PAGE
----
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Researchers Create Optically Active Quantum Dots In 2D Semiconductors

Defects in atomically thin semiconductor may have applications for integrated photonics

Researchers at the University of Rochester in the US have shown that defects on an atomically thin semiconductor can produce light-emitting quantum dots. The quantum dots serve as a source of single photons and could be useful for the integration of quantum photonics with solid-state electronics - a combination known as integrated photonics.

Scientists have become interested in integrated solid-state devices for quantum information processing uses. Quantum dots in atomically thin semiconductors could not only provide a framework to explore the fundamental physics of how they interact, but also enable nanophotonics applications, the researchers say.

Quantum dots (sometimes referred to as artificial atoms) are engineered or naturally occurring defects in solids that are being studied for a wide range of applications. Nick Vamivakas, assistant professor of optics at the University of Rochester and senior author on the paper, adds that atomically thin, 2D materials, such as graphene, have also generated interest among scientists who want to explore their potential for optoelectronics. However, until now, optically active quantum dots have not been observed in 2D materials.

In a paper published in Nature Nanotechnology this week, the Rochester researchers show how tungsten diselenide (WSe2) can be fashioned into an atomically thin semiconductor that serves as a platform for solid-state quantum dots. They say that the defects that create the dots do not inhibit the electrical or optical performance of the semiconductor and they can be controlled by applying electric and magnetic fields.

Vamivakas explains that the brightness of the quantum dot emission can be controlled by applying the voltage. He adds that the next step is to use voltage to 'tune the colour' of the emitted photons, which can make it possible to integrate these quantum dots with nanophotonic devices.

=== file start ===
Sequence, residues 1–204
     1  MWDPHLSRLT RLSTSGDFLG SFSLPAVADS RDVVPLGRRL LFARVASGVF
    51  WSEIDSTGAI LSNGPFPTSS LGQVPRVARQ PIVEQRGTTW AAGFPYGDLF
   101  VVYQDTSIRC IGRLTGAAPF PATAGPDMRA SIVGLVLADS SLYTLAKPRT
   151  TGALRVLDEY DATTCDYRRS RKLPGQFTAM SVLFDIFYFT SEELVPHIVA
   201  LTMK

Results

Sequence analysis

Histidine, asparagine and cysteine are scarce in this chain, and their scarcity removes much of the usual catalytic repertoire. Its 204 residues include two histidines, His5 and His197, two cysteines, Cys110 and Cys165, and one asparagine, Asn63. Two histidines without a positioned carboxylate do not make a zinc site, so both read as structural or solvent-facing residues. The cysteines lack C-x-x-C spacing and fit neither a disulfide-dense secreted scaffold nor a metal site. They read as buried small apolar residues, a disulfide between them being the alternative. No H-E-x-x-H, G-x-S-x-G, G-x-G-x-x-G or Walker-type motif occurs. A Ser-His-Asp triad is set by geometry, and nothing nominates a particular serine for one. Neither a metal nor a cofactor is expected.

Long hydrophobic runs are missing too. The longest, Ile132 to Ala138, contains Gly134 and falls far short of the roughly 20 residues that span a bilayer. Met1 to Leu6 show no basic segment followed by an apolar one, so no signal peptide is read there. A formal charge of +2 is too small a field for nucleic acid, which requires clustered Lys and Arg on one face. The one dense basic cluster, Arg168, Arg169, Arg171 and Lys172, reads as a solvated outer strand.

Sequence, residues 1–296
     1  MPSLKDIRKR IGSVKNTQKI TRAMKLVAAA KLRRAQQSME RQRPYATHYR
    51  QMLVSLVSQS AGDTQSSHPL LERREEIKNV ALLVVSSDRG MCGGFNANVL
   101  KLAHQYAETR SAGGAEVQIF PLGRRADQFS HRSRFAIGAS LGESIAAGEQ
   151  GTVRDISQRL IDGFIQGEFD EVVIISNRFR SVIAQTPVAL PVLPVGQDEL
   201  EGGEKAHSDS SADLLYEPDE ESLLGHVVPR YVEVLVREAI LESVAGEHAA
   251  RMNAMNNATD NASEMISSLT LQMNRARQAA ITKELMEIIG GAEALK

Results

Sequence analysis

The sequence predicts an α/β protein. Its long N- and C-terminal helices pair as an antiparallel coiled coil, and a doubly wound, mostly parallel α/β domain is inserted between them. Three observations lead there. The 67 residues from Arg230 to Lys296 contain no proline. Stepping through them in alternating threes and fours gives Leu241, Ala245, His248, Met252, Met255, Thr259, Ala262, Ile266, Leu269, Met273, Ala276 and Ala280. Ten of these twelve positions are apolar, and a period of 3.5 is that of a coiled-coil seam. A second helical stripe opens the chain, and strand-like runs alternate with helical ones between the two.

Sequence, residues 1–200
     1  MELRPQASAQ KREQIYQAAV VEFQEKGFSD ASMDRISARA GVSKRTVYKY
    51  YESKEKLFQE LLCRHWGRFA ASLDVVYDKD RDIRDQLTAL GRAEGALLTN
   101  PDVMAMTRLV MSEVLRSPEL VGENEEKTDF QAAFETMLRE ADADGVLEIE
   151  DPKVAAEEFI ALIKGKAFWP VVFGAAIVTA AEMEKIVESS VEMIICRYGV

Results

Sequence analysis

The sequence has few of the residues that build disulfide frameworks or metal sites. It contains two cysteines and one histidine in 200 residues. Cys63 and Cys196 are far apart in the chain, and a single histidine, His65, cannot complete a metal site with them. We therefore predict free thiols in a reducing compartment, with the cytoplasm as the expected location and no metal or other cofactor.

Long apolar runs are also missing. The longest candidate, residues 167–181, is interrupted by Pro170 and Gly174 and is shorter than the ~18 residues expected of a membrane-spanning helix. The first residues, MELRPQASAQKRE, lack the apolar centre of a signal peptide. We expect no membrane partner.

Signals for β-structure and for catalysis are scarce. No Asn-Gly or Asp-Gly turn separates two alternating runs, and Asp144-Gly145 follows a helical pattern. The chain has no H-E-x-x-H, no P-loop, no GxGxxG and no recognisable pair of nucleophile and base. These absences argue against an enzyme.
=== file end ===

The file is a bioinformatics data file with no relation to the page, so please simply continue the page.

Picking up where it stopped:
A key advantage is how much easier it is to create quantum dots in atomically thin  WSe2 compared to producing quantum dots in more traditional materials like indium arsenide. "We start with a black crystal and then we peel layers of it off until we have an extremely thin later left, an atomically thin sheet of WSe2," said Vamivakas.

The researchers take two of these atomically thin sheets and lay one over the other one. At the point where they overlap, a quantum dot is created. The overlap creates a defect in the otherwise smooth 2D sheet of semiconductor material. The extremely thin semiconductors are much easier to integrate with other electronics.

The quantum dots in WSe2 also possess an intrinsic quantum degree of freedom - the electron spin - which can both act as a store of quantum information as well as provide a probe of the local quantum dot environment.

"What makes WSe2 extremely versatile is that the colour of the single photons emitted by the quantum dots is correlated with the quantum dot spin," said first author Chitraleema Chakraborty. Chakraborty added that the ease with which the spins and photons interact with one another should make these systems ideal for quantum information applications as well as nanoscale metrology.

The paper, 'Voltage controlled quantum light from an atomically thin semiconductor' was published online by Nature Nanotechnology.



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